Wednesday, June 23, 2010

Looking for a Fresh Start?

The Southern Baptist Convention met in Orlando last week and adopted sweeping changes in the way that cooperative mission endeavors will be funded in the future. Once committed to clarifying theological identity, the SBC is now trying to halt its decline in baptisms and church membership.

The Cooperative Baptist Fellowship meets in Charlotte, NC, this week to begin celebrating its 20th anniversary as a movement/organization/quasi-denomination (choose your preferred term). CBF will be considering ways to sharpen its focus while dealing with declining revenues.

Such is the challenge for large national denominational organizations at the end of the first decade of the 21st century. Membership, finances, cooperation, and mission priorities are concerns. A reporter interviewed Bill Leonard, retiring dean of the divinity school at Wake Forest University, after the SBC meeting. Leonard said the decline that all denominations are facing is part of the changing nature of American religious life.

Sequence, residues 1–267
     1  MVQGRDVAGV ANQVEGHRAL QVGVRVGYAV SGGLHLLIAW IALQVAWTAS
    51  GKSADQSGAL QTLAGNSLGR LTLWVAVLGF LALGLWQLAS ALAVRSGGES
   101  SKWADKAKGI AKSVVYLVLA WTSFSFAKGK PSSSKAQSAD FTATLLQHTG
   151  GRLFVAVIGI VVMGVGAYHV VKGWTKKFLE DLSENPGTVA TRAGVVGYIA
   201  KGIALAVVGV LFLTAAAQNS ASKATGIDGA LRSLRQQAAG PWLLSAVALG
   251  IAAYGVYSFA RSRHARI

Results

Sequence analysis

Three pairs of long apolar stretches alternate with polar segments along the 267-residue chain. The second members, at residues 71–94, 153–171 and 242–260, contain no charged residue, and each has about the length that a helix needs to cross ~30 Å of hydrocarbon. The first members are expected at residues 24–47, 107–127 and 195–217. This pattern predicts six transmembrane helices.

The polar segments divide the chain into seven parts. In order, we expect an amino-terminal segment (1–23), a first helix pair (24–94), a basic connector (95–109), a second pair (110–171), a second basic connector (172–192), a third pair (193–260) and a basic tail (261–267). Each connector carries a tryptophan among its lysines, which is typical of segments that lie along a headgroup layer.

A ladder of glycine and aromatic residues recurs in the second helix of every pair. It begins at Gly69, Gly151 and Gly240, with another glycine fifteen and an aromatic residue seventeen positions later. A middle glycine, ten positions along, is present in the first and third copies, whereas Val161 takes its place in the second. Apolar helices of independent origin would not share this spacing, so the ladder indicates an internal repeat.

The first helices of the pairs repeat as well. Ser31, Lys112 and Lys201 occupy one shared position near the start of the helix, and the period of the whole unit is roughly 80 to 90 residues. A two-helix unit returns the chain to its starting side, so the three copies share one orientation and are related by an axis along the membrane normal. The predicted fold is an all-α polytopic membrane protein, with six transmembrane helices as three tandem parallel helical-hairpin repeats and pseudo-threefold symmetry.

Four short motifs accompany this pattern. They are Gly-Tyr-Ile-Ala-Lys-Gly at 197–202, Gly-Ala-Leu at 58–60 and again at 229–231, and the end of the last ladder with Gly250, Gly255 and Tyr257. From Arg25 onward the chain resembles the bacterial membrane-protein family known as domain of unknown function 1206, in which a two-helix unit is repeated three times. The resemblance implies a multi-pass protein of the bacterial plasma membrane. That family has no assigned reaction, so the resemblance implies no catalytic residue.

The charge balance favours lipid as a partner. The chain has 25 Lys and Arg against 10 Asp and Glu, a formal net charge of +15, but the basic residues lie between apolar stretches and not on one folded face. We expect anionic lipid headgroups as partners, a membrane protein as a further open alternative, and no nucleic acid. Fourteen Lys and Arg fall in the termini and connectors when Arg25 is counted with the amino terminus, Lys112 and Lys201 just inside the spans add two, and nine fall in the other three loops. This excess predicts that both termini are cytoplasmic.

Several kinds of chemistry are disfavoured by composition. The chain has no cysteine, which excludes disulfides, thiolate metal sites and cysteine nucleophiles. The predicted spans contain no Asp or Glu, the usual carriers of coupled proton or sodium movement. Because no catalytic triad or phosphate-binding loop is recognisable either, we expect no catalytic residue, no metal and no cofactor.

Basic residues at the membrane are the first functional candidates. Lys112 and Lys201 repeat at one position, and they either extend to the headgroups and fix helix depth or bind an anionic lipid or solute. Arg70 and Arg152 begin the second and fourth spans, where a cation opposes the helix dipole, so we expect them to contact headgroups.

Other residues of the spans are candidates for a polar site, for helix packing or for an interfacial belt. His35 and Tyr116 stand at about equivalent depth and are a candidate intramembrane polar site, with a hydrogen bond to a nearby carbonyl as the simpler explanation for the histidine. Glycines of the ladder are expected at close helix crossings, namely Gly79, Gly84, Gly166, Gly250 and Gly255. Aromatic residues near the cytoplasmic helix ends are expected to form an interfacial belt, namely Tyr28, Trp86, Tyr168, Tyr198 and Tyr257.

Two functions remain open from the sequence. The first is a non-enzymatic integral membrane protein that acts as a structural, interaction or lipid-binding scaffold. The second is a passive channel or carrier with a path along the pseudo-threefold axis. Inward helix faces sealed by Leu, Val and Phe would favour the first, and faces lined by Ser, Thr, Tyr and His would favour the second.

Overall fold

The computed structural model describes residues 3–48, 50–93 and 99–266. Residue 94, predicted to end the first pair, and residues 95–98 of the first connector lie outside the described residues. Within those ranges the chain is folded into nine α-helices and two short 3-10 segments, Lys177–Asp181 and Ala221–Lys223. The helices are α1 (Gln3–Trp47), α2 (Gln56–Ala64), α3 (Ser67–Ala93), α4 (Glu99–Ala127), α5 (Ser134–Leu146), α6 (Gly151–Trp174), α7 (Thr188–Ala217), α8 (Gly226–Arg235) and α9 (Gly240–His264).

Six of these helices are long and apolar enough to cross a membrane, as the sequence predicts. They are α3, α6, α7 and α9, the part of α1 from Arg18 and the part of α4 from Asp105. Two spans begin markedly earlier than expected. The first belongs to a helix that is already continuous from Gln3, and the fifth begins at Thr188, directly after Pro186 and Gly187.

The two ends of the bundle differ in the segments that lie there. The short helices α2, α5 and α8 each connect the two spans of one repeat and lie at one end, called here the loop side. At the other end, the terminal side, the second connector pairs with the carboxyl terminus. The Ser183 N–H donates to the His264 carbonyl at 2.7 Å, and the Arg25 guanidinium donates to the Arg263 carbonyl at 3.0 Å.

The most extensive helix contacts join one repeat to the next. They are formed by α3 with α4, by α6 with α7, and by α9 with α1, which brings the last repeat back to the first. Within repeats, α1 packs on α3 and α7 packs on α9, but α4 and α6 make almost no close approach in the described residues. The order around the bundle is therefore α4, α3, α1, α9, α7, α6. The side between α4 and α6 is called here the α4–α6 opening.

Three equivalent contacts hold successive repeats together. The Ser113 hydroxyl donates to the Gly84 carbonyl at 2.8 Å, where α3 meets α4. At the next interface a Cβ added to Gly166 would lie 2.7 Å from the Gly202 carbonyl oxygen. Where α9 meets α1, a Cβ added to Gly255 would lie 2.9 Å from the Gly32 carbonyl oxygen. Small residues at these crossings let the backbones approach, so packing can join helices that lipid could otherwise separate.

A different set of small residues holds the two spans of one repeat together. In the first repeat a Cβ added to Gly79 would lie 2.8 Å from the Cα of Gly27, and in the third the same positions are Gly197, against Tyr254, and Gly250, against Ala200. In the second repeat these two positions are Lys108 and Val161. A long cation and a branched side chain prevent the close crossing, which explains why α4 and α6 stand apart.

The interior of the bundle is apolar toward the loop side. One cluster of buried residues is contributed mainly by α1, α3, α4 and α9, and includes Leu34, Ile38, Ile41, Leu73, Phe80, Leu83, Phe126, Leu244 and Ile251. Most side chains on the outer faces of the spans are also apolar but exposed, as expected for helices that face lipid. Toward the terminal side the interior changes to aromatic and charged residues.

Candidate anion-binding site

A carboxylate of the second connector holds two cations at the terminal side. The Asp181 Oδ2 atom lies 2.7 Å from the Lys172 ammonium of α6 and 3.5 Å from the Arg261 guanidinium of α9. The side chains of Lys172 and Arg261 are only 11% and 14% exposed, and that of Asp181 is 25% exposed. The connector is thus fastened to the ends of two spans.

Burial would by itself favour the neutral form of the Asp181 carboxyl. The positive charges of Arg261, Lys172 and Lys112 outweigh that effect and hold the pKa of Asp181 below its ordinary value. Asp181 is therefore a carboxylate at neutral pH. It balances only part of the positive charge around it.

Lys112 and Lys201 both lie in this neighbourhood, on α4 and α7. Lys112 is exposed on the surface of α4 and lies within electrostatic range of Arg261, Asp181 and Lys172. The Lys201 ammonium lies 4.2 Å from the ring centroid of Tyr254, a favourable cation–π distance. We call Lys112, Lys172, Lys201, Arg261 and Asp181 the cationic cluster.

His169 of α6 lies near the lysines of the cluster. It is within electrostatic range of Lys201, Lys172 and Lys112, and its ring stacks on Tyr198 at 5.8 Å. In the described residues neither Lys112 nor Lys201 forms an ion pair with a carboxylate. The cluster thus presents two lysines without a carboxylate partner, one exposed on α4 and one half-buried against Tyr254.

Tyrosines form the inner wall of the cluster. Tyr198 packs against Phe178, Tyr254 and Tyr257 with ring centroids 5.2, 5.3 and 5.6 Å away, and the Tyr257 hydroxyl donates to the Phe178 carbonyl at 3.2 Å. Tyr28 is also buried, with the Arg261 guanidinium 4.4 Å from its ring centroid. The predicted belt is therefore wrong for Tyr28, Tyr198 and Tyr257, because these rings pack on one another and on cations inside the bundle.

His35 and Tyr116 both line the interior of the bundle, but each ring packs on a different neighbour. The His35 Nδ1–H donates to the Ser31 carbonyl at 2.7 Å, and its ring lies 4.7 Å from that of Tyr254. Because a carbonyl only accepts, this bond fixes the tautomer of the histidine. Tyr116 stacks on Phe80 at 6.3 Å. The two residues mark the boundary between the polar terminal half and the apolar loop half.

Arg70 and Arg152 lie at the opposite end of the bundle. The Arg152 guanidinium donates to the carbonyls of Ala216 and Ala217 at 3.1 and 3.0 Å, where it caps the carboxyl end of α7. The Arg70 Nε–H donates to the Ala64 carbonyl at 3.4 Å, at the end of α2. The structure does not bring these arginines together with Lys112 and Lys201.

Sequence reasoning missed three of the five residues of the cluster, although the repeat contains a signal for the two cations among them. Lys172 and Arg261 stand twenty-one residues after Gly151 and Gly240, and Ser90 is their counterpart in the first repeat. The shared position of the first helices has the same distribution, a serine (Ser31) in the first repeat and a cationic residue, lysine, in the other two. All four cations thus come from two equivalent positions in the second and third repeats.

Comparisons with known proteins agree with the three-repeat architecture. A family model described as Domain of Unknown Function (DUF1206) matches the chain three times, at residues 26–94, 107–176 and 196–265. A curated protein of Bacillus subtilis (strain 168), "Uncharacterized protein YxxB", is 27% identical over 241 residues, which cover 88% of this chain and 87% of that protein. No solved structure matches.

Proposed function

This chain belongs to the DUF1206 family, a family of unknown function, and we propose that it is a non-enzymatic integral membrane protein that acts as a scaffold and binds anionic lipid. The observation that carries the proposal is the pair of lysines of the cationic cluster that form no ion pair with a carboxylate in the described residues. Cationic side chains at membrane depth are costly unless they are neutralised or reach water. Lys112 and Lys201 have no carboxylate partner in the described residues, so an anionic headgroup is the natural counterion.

"For people 40 and under, there tends to be less and less interest in denominational names and identity. It's not about theology. It's about the changing nature of religion in the country," he said. He went on to comment that, to the extent there is interest in participating in churches, the trend among the younger generation is toward independent congregations. Neither the Southern Baptists nor the mainline denominations are going to disappear anytime soon, but barring some major cultural shift, it seems they are past their peak.

Sobering words from a long-time observer of the American religious scene, but they certainly reflect the observations of anyone interested in the way that church is being done today.

What new thing will God do in the coming days? The writer of 2 Corinthians expresses this word of hope for individuals: “Now we look inside, and what we see is that anyone united with the Messiah gets a fresh start, is created new. The old life is gone; a new life burgeons!” (2 Corinthian 5:17, The Message). Certainly the same opportunities are available to God’s people as they work together.


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